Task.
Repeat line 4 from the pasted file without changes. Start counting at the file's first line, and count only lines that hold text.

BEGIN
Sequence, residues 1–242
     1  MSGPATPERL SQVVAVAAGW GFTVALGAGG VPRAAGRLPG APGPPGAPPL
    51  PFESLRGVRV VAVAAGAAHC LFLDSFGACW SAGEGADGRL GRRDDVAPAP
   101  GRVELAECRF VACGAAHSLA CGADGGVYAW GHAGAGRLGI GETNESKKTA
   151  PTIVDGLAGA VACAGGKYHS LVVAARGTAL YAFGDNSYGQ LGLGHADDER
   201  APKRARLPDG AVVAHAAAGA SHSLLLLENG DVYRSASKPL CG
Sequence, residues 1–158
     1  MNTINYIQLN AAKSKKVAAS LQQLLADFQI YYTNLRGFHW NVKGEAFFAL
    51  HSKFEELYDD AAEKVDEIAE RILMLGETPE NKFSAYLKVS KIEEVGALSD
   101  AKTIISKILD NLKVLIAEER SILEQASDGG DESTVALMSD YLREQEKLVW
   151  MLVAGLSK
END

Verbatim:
   101  GRVELAECRF VACGAAHSLA CGADGGVYAW GHAGAGRLGI GETNESKKTA